Law-Breaking 101

This article is from the archive of The New York Sun before the launch of its new website in 2022. The Sun has neither altered nor updated such articles but will seek to correct any errors, mis-categorizations or other problems introduced during transfer.

The New York Sun

The South was once famous for “massive resistance.” Now officeholders and civic leaders of the north and west are in the game too, this time to push “diversity” programs in defiance of the law.

The American Bar Association, for example, wants to force the nation’s law schools to grant racial preferences in admissions that would clearly violate the law. How did the ABA think it could get away with this? Nobody really knows. But the group produced an “equal opportunity and diversity” standard saying that no “constitutional provision or statute” could stand in the way of the required compliance. (Just ignore the law, you lawyers.) It also threatened non-complying schools with loss of their accreditation. Among the provisions and statutes that the ABA apparently wanted to override were two presidential executive orders on affirmative action, by Presidents Kennedy and Johnson, and laws in Florida, California and other states explicitly prohibiting racial preferences and set-asides.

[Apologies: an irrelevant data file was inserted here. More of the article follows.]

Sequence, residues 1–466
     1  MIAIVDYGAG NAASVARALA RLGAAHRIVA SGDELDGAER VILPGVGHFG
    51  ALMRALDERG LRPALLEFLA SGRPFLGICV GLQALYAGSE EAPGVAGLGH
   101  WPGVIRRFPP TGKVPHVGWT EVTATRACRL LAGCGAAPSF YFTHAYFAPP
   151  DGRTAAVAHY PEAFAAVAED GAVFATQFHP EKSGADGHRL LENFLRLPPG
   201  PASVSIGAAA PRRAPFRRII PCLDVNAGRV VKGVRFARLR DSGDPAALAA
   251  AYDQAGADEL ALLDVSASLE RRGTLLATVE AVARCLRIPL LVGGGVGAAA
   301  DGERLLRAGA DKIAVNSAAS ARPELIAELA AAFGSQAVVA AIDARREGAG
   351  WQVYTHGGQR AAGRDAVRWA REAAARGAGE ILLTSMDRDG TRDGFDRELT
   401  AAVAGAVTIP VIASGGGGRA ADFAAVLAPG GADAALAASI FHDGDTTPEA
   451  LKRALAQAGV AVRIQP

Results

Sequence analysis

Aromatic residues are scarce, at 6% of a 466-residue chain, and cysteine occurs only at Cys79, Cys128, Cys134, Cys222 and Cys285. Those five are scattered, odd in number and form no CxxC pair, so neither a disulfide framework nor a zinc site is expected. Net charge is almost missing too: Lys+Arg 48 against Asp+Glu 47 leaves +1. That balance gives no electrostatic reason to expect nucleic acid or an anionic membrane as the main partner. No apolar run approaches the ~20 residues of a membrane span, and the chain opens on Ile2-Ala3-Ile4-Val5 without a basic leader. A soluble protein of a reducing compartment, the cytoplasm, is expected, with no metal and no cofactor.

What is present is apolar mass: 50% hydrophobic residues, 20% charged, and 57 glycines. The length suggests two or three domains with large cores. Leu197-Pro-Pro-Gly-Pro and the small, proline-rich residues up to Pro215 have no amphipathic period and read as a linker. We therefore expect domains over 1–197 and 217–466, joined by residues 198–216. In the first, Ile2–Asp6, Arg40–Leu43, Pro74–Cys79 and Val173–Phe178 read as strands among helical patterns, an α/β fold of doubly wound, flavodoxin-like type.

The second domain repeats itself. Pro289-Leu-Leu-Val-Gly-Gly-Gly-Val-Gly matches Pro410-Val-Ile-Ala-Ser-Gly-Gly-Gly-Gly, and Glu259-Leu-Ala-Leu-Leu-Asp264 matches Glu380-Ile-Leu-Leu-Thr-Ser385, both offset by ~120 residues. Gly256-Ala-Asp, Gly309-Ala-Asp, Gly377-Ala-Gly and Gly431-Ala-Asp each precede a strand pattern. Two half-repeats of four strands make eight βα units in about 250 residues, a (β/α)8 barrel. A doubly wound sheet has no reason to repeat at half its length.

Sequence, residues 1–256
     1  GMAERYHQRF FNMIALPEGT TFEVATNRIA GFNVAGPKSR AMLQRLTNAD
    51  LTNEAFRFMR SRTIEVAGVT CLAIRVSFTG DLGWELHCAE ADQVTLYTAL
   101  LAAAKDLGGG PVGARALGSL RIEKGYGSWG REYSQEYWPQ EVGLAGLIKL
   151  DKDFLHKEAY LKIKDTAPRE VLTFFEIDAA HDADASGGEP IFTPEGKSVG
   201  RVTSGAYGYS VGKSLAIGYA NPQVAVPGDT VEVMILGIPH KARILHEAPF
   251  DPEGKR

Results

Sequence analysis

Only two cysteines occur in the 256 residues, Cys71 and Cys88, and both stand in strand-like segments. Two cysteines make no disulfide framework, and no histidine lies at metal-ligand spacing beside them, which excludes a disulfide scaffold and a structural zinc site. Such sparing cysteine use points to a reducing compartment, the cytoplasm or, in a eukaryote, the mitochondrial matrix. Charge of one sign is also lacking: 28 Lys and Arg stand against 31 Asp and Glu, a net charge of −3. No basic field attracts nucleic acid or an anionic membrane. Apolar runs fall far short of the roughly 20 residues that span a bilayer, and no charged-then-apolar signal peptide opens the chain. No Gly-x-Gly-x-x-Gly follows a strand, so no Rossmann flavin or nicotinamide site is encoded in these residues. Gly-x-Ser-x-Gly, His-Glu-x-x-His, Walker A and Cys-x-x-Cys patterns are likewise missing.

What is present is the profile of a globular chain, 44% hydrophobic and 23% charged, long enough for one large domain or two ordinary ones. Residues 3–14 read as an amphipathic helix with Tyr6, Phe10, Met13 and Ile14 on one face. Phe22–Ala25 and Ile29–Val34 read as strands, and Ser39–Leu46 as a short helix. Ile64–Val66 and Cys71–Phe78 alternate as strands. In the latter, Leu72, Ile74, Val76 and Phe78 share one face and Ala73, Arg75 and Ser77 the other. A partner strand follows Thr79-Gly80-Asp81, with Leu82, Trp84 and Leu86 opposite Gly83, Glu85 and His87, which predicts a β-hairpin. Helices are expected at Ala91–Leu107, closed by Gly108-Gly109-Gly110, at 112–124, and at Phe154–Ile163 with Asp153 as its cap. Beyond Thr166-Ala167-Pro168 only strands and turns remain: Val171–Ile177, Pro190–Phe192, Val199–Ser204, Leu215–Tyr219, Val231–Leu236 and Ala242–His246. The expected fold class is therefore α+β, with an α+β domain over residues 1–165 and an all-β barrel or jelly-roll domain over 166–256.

The ABA amended its standard in the face of criticism, particularly from George Mason law professor David Bernstein, who has been analyzing and protesting the illegal ABA plan for months. Bernstein writes: “One thing that continues to amaze me is how major legal institutions, staffed by lawyers who presumably know the law, are consistently willing to brazenly announce their defiance of the law in the name of diversity.” At a U.S. Civil Rights Commission hearing last week, various commissioners focused on the ABA’s official “interpretations” of its plan, which required not just diversity (i.e., preferences) in admissions, but also in results – a truly astonishing mandate.

The most “massive resistance” in the name of diversity has been the broad and scandalous refusal to abide by California’s Proposition 209, which bans preferences and quotas in state jobs, hiring and education. Mayors, city attorneys and even judges have avoided the clear wording and intent of 209. Defiance is often cloaked as an “outreach effort” or as “comprehensive reform,” a term used by some state universities to favor students of certain ethnic backgrounds despite low SAT scores.

Sometimes defiance is out in the open. San Francisco made no bones about its lawbreaking. Both the city attorney and Willie Brown, when he was mayor, declared that since a majority of city voters had cast their ballots against 209, San Francisco needn’t comply with it. California Attorney General Bill Lockyer, a civic problem all by himself, has refused to push for compliance. Instead he has appeared in court on the side of the lawbreakers.